Tellstones: King’s Gambit is the second tabletop offering from Riot Games (and the first under the Riot Tabletop branding). Riot’s first tabletop offering was the highly-regarded Mechs vs. Minions, a wacky campaign game that crammed an unbelievable number of miniatures into a massive box. Riot’s second try, Tellstones, is on the opposite end of the size scale – a small metal box less than five inches square. The components are premium stuff, but they are scaled down – seven heavy discs, a couple of tokens, and a felt cloth.
The rules for Tellstones are similarly stripped-down. Each of the seven discs has a different symbol engraved on one side. At the start of the game, these discs are all face up. Players then take turns moving the discs onto ‘the line,’ flipping them face-down, or swapping the position of discs already on the line (yes, you technically tell your opponent to do manipulate the discs; this ensures that there are no shenanigans). After a few turns of this, all seven discs will be face-down on the line. The line will then continue to be swapped around until one of the players thinks that their opponent has lost track of at least one of the discs. A player can ‘challenge’ an opponent to name the icon one of the face-down discs. If the opponent can, the opponent gets a point. If the opponent can’t, the challenger gets a point. Or a player can ‘boast’ – claiming that they can successfully name all of the face-down discs. This is as much of a challenge as the ‘challenge’ action, because the opponent can also respond by saying that they don’t care because they can name them all too. If the opponent can name all of them, they win. If the opponent lets the boaster try to name all seven, and they can, then the boaster wins. Alternatively, the opponent can simply accept the boast and allow the boaster one point.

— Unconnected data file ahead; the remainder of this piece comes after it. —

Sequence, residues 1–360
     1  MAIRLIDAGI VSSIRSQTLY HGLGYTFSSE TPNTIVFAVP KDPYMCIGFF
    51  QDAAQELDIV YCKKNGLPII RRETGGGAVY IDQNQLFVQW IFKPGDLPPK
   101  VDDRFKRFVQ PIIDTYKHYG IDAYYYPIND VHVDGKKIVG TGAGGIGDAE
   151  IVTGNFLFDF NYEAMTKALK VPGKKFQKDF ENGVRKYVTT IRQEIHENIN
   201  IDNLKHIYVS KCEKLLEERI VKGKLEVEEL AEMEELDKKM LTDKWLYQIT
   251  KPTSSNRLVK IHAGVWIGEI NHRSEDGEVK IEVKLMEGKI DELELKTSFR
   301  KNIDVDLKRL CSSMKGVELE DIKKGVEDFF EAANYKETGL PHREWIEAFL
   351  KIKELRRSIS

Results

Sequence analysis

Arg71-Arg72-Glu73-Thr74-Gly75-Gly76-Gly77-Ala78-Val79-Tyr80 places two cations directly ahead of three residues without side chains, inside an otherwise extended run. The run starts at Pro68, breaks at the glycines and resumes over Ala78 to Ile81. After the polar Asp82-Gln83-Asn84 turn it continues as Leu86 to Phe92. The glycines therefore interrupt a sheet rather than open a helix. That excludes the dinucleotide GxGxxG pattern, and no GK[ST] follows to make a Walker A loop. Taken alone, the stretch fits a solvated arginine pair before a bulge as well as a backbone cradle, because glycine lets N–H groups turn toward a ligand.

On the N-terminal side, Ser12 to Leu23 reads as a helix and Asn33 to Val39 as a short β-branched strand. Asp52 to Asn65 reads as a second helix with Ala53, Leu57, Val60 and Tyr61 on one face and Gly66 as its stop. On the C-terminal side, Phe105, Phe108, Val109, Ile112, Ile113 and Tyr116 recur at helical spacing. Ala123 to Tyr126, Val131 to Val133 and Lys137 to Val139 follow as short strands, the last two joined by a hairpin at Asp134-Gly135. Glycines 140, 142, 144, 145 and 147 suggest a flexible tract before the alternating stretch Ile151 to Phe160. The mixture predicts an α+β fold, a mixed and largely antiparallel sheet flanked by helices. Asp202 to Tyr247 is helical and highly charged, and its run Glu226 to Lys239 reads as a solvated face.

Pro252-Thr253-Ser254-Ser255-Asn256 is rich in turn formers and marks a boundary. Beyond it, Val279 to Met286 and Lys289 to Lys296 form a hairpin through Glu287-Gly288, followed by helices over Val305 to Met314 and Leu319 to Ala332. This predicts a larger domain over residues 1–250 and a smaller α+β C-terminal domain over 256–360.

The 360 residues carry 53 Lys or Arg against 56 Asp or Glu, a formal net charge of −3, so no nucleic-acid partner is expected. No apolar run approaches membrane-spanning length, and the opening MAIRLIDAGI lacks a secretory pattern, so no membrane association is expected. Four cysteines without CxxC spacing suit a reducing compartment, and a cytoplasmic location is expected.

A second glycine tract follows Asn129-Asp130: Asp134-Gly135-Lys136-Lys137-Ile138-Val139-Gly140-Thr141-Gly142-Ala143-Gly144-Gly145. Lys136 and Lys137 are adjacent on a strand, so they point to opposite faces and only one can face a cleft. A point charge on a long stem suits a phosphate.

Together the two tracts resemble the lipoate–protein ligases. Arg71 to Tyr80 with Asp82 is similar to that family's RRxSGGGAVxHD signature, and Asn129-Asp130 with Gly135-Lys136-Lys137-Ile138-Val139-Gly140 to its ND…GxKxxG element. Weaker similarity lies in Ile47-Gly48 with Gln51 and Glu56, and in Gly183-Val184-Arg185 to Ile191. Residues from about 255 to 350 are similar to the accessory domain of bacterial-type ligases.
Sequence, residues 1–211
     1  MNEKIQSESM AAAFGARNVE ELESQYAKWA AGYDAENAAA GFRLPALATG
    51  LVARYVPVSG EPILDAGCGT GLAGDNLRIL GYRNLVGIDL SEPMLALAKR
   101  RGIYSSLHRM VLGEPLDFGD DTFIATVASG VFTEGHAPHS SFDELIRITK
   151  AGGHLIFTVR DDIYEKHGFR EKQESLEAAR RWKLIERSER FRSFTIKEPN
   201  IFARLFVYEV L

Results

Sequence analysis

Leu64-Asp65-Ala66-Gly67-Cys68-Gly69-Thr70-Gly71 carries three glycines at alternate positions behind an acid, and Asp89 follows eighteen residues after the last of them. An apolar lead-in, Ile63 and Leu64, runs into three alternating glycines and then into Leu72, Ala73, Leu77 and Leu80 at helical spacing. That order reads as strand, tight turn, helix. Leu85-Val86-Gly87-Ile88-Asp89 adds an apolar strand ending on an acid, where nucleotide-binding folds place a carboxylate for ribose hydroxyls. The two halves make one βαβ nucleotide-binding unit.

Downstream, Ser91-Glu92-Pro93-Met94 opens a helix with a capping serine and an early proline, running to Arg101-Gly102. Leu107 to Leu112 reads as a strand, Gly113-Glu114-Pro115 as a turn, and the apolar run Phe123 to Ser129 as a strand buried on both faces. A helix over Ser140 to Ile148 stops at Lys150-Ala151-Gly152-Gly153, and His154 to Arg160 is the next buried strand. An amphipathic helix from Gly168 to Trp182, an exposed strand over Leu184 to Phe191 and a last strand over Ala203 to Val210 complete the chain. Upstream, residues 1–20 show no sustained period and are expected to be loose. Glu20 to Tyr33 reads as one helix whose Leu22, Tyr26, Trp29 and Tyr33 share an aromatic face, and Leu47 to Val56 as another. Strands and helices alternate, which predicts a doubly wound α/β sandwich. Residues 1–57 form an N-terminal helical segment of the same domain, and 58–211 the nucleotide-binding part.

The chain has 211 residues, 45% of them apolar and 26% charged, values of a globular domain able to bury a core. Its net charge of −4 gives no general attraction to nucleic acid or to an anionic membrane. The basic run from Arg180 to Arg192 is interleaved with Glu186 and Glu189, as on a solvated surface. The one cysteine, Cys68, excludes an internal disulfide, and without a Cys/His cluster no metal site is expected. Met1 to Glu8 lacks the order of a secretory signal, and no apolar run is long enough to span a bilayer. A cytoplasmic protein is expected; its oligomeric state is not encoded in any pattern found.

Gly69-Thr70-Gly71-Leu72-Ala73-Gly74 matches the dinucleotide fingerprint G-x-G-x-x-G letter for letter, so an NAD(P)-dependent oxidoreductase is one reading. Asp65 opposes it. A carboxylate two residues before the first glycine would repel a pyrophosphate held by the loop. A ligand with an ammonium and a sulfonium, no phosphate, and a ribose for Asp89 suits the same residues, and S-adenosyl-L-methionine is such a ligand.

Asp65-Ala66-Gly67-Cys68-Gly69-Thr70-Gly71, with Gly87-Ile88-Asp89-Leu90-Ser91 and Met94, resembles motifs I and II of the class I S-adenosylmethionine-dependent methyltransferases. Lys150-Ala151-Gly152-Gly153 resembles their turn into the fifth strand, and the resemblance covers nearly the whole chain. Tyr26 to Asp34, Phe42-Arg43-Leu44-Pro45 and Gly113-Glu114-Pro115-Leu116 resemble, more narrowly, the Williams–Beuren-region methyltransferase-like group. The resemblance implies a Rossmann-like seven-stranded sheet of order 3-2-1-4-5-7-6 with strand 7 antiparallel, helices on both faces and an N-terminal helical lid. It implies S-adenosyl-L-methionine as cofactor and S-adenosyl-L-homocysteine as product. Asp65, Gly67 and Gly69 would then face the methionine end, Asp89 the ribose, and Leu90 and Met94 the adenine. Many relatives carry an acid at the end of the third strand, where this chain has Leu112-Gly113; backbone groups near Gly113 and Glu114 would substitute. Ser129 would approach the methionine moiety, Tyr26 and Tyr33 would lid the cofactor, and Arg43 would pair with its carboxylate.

I was pretty excited to see what Riot’s follow-up to Mechs v. Minions would be. Unfortunately, Tellstones is not much of a successor. Tellstones is, ultimately, a game of memory, the ability to assess your opponent’s memory, and patience. If you remember which discs are where and remain patient, you can’t lose. Winning requires either (1) accurately assessing that your opponent doesn’t remember something; or (2) your opponent running out of patience and challenging or boasting, allowing you to score/win. There isn’t really anything else to it. Maybe in a trailer you can pitch the notion that the game involves a high-stakes battle of bluffing, but what’s going on is, at best, distraction – can you maybe distract your opponent so that they forget what a disc is? In practice, this ended up mostly being annoying (or, at least, my opponents certainly thought so when I tried to get into the ‘spirit’ of the game). It also takes a long time, if the players’ memory skills are honed – you’re not going to distract someone enough in the minute after they last saw a disc. When we played Tellstones, this resulted everything dragging. There isn’t much to the actual gameplay – just swapping around discs isn’t exciting – and yet you’re forced to sit through it until someone gets tired of it and boasts even though they know that the opponent will probably just win. I mean, theoretically you could just sit through it until someone actually forgets, but one of the players always got tired of the game and boasted before it got to that point. But good memory or bad memory, it’s memory that’s the ultimate skill here. I’m looking forward to seeing what Riot Tabletop does next, but we just didn’t have fun playing this one.
Tellstones: King’s Gambit is presented as the Damacian version of a game played across Runeterra. So maybe it has a place in the collection of a hardcore League of Legends enthusiast (you can pick up Tellstones in the League of Legends merch shop). Personally, I would rather splash out for a K/DA BLADES Light Stick and play some more Mechs v. Minions.
Promotional consideration was provided in the form of a review copy.
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